Six children die from measles in Seraf Umra camps Six children have died from measles in over past week in Jebel, Dankoj and El Naseem camps in Seraf Umra in North Darfur. Witnesses from the camps told Radio Dabanga that the medical reports in Seraf Umra hospital indicated the cause of death as measles. They expressed deep concern at the quick spread of diseases in the camp due to the lack of health care and appealed to local authorities and organisations to immediately intervene to provide desperately needed assistance. (Seraf Umra [North Darfur] June 6, 2012) Neem camp: no food aid for a year In an interview with Radio Dabanga Sheikh Said AbuBabr said the conditions are catastrophic noting that the camp residents were forced out of their homes as their villages were attacked. He said they had told the World Food Programme and the Humanitarian Aid Commission but neither have moved to take any action. He appealed to the both bodies to act immediately to save these people from hunger before the situation deteriorates further. The Sheikh also said a water crisis is increasing the suffering of camp residents, along with a deterioration in health services after the government suspended Sudan Aid, a body running the health centres across Neem camp. (Neem Camp, East [formerly South] Darfur, June 8, 2012) Jebel Marra residents stranded with no aid access The coordinator of internally displaced person camps in North Darfur, Ahmed Atim, said the situation of civilians in Jebel Marra is becoming desperate. He said civilians are stranded with no access from humanitarian organisations including the World Food Programme. The coordinator appealed to the WFP to provide aid and relief to those affected north, west, east and south of Jebel Marra. (Jebel Marra, May 27, 2012)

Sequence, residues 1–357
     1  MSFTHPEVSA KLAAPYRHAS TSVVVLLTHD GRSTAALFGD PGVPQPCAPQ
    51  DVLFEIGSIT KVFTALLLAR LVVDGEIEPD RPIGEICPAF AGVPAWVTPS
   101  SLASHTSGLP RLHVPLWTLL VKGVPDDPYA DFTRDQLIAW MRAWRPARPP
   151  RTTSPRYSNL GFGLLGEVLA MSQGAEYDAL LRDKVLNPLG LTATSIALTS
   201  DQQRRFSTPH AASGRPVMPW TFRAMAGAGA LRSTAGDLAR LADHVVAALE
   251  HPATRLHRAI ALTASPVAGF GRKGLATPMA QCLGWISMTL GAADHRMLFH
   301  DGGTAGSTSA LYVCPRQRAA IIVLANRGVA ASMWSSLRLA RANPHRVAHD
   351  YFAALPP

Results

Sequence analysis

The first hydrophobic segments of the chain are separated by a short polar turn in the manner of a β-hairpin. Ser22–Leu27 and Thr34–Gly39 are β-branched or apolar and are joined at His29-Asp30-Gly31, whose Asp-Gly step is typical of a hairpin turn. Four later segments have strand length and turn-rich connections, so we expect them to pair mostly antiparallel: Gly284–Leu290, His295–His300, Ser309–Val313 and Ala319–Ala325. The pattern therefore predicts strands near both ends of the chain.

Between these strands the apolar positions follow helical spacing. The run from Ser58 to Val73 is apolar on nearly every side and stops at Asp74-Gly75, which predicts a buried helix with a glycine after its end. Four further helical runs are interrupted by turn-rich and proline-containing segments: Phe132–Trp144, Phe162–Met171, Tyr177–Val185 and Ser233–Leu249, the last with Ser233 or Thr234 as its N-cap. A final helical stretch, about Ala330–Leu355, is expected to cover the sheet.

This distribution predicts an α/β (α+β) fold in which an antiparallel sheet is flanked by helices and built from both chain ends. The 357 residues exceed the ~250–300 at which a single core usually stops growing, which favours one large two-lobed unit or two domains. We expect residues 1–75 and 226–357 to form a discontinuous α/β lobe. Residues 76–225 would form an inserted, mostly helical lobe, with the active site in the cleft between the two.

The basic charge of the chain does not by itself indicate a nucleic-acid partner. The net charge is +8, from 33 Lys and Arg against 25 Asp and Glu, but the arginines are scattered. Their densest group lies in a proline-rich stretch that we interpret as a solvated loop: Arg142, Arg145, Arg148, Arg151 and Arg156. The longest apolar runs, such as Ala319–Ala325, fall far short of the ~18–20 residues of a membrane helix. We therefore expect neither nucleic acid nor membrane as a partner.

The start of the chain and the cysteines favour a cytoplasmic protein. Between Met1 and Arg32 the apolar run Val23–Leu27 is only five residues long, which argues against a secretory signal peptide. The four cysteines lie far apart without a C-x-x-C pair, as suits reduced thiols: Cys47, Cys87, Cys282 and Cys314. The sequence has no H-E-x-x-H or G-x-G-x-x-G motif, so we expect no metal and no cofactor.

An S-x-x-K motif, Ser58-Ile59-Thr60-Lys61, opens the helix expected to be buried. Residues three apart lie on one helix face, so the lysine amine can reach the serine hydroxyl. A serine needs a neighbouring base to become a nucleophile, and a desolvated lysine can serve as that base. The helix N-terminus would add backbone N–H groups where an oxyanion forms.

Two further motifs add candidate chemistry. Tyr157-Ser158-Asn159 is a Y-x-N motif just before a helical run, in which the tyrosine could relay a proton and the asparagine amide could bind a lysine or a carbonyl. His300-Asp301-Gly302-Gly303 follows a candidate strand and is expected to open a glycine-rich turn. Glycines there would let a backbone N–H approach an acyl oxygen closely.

Darfur in the Still Deepening Shadow of Lies (May 25, 2012)

In a May 20, 2012 interview with Radio Dabanga, the spokesman for the UN/African Union Mission in Darfur (UNAMID), Christopher Cycmanick, described the security situation in Darfur as relatively calm. Let us for the moment take Mr. Cycmanick at his word, and ask just what normal means now in Darfurand how his appraisal of security conditions comports with recent events. Cycmanik surely speaks with the authority of his boss, UNAMID Joint Special Representative Ibrahim Gambari, and his comment echoes former UN Resident and Humanitarian Coordinator for Sudan Georg Charpentiers January 20, 2011 assessment of Darfur: We are seeing a trend of decreasing overall violent incidents in Darfur. The facts, however, reveal a strikingly different reality. Seven days after Charpentiers comment, Reuters reported the following statement from UNAMID: UNAMID spokesman Kemal Saiki conrmed the [civilian] bombing [near Shangil Tobay] was by the Sudanese Armed Forces (SAF) air force. Later on Wednesday [January 26, 2011], a group of 200 Sudanese government soldiers in 40 vehicles arrived at UNAMIDs camp in the nearby settlement of Shangil Tobay, UNAMID said. [The soldiers] surrounded the team sites exit as well as the adjacent makeshift camp, where thousands of civilians recently displaced by the December 2010 clashes have settled, read the statement. The Sudanese army detained four displaced people at the camp, said UNAMID. The SAF commander at the scene ... then threatened to burn down the makeshift camp and UNAMID team site, if the peacekeepers continued to interfere.9 On the other hand, Charpentiers January 2011 account and Cycmanicks recent comments nd support in assertions by Khartoums Minister of Defense, the brutal General Abdel Rahim Mohamed Hussein, who in the past has pushed aggressively for forced returns of IDPs in Darfur: Hussein...denied on Saturday [August 20, 2011] the presence of any ghting or war in Darfur. 10 Such denials y in the face of all available evidence from non-UN sources, which supports Human Rights Watchs conclusioncontemporaneous with Charpentiersthat Sudanese government and rebel attacks on civilians in Darfur have dramatically increased in recent weeks without signs of abating...While the international community remains focused on South Sudan, the situation in Darfur has sharply deteriorated. 11 12